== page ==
Our team recently discovered that blood cells — not only cells in the nose — have odorant receptors. In the nose, these so-called receptors sense substances called odorants and translate them into an aroma that we interpret as pleasing or not pleasing in the brain. But surprisingly, there is growing evidence that also the heart, the lungs and many other non-olfactory organs have these receptors.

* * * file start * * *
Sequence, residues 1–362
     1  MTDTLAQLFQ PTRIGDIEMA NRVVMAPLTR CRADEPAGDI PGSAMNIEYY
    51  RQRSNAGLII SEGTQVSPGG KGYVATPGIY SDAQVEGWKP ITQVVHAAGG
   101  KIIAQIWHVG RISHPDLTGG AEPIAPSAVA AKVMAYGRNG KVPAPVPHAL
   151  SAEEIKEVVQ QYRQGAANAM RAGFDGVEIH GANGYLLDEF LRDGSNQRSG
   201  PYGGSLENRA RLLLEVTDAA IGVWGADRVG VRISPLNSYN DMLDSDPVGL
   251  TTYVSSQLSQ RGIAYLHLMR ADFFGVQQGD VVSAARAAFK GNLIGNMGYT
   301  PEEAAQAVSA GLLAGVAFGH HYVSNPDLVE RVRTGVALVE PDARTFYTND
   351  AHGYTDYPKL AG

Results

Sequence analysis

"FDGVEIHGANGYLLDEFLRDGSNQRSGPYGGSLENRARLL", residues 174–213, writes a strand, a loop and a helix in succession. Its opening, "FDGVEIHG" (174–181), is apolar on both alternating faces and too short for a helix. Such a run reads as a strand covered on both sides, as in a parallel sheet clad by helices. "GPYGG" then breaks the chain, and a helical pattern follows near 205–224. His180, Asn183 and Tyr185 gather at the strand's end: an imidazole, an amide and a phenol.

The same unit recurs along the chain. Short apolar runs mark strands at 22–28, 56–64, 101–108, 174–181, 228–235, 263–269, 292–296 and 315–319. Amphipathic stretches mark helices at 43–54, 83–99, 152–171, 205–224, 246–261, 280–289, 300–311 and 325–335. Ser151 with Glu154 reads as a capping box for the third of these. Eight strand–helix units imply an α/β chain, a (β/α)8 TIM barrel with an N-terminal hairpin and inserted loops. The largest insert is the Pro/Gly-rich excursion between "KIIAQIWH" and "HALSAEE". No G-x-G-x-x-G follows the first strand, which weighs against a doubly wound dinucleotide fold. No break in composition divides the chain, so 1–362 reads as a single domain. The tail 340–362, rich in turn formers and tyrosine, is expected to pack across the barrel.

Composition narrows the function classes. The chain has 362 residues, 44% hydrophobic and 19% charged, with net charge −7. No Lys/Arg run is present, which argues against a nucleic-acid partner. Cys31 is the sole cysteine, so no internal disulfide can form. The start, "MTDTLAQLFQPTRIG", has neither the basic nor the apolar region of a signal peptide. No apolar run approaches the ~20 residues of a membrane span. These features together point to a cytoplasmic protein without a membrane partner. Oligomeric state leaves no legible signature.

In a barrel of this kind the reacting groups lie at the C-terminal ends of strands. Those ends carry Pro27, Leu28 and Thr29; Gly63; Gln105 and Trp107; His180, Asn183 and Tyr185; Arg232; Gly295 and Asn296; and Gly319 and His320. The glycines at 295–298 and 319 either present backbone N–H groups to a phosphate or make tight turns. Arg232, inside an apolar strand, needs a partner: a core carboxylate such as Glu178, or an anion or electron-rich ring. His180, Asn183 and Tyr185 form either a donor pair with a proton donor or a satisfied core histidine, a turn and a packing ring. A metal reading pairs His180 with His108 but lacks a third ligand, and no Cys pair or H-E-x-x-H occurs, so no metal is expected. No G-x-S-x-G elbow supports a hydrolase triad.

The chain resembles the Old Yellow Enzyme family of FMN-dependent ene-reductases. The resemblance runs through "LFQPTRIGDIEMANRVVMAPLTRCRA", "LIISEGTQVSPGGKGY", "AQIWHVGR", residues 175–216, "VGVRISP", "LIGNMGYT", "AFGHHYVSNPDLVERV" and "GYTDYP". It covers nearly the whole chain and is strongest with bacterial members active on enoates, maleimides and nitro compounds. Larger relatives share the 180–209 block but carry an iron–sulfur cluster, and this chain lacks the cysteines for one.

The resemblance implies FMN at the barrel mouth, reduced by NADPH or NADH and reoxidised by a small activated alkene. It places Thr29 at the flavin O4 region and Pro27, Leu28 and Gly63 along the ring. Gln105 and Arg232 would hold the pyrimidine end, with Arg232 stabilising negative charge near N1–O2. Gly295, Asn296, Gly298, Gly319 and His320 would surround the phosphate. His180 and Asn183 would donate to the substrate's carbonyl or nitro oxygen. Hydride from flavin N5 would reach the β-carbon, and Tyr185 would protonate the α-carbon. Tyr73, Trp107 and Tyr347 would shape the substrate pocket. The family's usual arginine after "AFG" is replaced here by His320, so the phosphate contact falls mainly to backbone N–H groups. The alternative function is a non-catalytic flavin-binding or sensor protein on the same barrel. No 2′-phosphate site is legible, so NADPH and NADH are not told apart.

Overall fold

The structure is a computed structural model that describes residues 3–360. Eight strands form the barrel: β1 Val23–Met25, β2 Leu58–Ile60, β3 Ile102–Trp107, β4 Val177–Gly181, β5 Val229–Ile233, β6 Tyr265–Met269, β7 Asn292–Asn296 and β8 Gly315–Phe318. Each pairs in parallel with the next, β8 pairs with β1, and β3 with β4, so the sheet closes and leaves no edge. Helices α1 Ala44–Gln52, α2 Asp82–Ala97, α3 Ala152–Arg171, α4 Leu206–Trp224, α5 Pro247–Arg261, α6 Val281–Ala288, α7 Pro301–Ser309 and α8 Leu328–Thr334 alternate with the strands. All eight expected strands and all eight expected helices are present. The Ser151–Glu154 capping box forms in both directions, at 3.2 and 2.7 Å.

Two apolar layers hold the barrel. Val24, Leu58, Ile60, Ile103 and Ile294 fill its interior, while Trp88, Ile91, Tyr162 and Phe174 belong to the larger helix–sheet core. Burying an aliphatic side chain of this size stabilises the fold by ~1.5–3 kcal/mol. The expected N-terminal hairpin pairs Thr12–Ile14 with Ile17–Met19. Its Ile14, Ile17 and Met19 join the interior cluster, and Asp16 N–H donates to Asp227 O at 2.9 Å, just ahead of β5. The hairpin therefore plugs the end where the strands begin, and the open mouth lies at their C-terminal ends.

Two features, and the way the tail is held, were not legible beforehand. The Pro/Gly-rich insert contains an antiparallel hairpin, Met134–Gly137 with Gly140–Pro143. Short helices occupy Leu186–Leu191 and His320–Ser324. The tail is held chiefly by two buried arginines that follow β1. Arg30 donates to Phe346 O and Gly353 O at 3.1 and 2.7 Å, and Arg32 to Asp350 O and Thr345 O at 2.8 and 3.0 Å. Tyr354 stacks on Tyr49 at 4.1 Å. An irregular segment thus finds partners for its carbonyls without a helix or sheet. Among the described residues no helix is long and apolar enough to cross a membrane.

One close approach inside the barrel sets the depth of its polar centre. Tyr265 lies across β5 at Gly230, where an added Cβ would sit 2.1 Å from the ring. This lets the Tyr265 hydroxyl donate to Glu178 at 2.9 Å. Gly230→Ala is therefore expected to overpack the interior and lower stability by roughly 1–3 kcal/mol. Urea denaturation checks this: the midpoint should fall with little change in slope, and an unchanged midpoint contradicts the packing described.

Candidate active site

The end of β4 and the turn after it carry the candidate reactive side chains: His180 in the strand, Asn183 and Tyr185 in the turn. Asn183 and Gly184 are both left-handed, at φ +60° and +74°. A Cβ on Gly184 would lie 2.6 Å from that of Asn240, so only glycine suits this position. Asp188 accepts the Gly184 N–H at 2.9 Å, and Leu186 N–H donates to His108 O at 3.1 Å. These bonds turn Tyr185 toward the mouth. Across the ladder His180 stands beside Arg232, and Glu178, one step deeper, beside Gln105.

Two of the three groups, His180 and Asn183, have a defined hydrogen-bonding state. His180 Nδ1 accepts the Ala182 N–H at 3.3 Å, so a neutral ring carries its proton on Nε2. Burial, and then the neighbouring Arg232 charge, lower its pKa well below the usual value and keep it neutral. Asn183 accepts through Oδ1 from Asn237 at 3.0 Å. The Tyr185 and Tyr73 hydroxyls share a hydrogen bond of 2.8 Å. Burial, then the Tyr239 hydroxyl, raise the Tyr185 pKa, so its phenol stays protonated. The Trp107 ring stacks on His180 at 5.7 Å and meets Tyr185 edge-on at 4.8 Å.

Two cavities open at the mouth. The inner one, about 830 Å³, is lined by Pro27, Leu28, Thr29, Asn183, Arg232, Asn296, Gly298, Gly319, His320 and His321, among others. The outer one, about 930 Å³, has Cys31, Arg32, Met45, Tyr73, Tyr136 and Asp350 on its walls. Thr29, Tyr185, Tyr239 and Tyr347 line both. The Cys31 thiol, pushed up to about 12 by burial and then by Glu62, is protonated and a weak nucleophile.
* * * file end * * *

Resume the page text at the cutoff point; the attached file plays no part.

It seems startling that blood cells can also react to aromatic chemicals, though I don't quite understand why their sensitivity would be categorized as either taste or smell. My reading project so far deals with a lot of cultural issues surrounding odors, not just with the role of smell in tasting food, with physiology, and with mechanisms of detecting odors. I've only read a bit about the intricate relationship between aroma sensors in the nose and other sensors like taste buds that are on the tongue or in the mouth. It's fascinating how the science of taste and smell is advancing so rapidly that even the science in 20 year old books is often out of date.